I hadn’t seen Lucky Number Slevin in a long time when I happened to find it available on streaming yesterday.
I immediately remembered why I liked it so much, as one of the best following the style of movies like Pulp Fiction.
The story begins with the young Slevin Kelevra, who has just arrived in town, being beaten and robbed in the street.
He heads to the apartment with a broken nose and no money or ID, where a friend is presumably waiting for him.
The apartment door is open, and there is no one inside except the beautiful and friendly neighbor with who he immediately becomes friends.
Soon after, unfortunately, some criminals arrive and beat him up again, dragging him to their boss.
The latter confuses him with his friend, demanding payment of a debt the latter had with him.
Not having the necessary sum, the boss offers him an alternative: to kill one of his old rivals, a rabbi who lives in the building opposite.
When he comes home again, he barely has time to consider the proposal when someone drags him out again.
This time, the rabbi’s men take him to their boss, and he too believes that poor Slevin owes him money.
At that point, cornered by these gangs of thugs, he realizes that whatever alternative he chooses is now screwed.
Helped by his beautiful neighbor, he will try in every way to escape the unacceptable demands of the two men.
But a mysterious hitman is hunting him down, working for both gangs, and planning his strategy around him.
Intelligent and well-structured entertainment
Lucky Number Slevin is a fun carousel of many different situations and characters.
The whole story takes place in a few closed locations within a criminal ecosystem, which dominates all of New York.
The comic style is violent but funny and even hilarious in many places, closely resembles the great Quentin Tarantino.
Being very similar, the different temporal frames divide the crucial scenes into various flashbacks.
Unfortunately, there is no division into chapters like Pulp Fiction or Reservoir Dogs.
Indeed, I think that separating so many stories and characters better would have facilitated understanding.
But in the end, the movie’s editing is still outstanding, and there are no particular problems, if not some unnecessary repetition.
The character of Slevin is a perfect fulcrum around which revolves the entire plot of criminal revenge.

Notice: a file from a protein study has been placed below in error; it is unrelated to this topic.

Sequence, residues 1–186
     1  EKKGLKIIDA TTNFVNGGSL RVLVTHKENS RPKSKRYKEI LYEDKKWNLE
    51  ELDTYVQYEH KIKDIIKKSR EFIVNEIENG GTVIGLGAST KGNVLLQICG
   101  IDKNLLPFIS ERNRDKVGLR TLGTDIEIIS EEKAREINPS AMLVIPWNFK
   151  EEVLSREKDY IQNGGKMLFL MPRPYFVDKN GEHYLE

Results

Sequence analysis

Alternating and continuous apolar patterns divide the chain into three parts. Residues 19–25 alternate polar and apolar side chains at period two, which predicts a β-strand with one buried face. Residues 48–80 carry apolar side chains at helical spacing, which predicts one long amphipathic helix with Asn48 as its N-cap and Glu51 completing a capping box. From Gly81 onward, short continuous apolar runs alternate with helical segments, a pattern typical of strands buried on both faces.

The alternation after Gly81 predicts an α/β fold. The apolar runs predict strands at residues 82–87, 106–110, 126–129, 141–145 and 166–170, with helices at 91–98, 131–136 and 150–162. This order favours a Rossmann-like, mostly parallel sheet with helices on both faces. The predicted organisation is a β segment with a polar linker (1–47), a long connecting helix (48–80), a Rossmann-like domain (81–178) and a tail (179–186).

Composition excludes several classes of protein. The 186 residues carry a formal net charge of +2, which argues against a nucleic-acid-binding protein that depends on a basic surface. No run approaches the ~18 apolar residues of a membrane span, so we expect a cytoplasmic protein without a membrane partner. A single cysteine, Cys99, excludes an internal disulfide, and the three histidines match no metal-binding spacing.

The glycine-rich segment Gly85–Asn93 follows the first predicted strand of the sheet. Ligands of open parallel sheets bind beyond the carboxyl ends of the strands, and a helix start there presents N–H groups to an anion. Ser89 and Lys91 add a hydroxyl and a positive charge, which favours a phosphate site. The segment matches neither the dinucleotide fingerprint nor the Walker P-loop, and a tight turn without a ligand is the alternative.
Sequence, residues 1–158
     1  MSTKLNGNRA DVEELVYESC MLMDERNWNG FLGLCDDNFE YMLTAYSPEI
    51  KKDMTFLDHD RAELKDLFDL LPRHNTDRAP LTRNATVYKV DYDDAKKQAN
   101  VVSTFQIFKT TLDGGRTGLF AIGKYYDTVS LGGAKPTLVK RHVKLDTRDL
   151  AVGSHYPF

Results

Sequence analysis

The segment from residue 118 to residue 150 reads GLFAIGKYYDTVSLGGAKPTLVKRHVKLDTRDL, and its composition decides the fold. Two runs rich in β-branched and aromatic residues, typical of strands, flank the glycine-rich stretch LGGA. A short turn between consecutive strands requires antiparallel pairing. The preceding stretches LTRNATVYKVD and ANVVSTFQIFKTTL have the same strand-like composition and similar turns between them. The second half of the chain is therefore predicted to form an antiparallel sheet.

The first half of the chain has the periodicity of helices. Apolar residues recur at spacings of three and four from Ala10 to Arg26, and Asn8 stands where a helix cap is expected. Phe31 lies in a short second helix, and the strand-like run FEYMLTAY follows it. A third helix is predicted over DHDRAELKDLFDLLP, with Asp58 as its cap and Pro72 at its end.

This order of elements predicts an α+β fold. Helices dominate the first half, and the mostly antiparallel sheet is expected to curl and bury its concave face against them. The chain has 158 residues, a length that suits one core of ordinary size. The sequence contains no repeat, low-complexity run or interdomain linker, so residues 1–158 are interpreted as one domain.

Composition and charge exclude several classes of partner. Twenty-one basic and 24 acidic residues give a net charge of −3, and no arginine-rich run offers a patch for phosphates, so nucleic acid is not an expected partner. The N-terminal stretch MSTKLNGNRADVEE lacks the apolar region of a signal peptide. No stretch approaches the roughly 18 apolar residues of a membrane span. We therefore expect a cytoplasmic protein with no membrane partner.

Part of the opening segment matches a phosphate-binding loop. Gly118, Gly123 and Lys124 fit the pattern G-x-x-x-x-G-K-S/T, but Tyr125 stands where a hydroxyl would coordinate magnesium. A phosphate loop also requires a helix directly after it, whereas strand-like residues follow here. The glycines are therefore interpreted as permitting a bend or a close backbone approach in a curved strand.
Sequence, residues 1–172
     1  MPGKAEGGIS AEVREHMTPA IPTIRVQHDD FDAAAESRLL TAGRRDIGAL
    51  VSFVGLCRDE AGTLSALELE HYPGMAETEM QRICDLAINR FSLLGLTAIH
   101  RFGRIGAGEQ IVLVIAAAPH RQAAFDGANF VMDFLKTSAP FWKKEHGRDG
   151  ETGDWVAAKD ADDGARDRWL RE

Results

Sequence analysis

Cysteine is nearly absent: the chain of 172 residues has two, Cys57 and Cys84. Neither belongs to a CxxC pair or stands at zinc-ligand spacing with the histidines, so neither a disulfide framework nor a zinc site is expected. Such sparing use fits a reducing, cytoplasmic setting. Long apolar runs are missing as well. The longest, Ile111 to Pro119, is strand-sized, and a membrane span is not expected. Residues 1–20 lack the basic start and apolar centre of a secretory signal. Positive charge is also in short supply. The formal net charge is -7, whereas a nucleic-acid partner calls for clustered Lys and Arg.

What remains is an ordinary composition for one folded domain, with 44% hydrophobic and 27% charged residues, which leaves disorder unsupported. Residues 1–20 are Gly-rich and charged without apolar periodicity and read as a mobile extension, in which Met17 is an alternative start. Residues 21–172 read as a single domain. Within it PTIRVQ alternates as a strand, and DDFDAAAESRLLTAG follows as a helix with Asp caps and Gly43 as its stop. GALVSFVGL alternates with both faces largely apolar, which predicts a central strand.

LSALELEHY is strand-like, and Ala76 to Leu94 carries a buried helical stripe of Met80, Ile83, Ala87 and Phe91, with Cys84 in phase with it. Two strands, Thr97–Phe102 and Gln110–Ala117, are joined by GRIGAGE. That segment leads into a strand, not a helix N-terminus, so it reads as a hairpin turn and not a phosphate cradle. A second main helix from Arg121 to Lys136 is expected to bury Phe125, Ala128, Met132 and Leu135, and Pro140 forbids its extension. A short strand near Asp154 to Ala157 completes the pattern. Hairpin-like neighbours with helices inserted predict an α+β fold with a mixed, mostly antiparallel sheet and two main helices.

Suffering from a supposed disorder that doesn’t make him feel anxiety or worry, he is always ironically detached in every scene.
That sort of dynamic contrast leads him to deal almost with indifference to the two bosses who threaten his life.
However, a passionate and tender love story also fits seamlessly into the murder and deception ensemble.
Summing up, even if you have seen Lucky Number Slevin, I suggest you watch it in streaming again.
Being a movie with many facets to appreciate, you might miss some of them if you don’t oversee it.
A superstar chorus for an awesome pulp song
Paul McGuigan combines comedy and crime drama very well, keeping together a great cast.
Josh Hartnett is the charming, charismatic young protagonist, constantly with a sharp comic line.
He’s an ordinary sweet guy who never loses heart, despite being repeatedly hit and cornered by bad luck.
Once partners and now bitter enemies, they live in their towers facing each other, ready to start a war at any moment.
The murder of the son of one of them will be the straw that will break the precarious truce, starting the final massacre.
Lucy Liu would almost deserve a separate movie for how likable and adorable her minute and unstoppable character is.
This romance side actually detaches from the rest of the story, which is darker and more violent.
Finally, the killer from Bruce Willis is an impenetrable mask, cold and impassive as ice.
The actor plays the role basically with only one facial expression, but it is always the right one at the right time.
I hope I have explained why I like this movie so much, which is not easy to talk about without spoiling the plot.
Anyway, I leave the link to watch in streaming Lucky Number Slevin at a low price, a real golden deal.
If it is your first time, enjoy the show; otherwise, let me know if you found something you missed.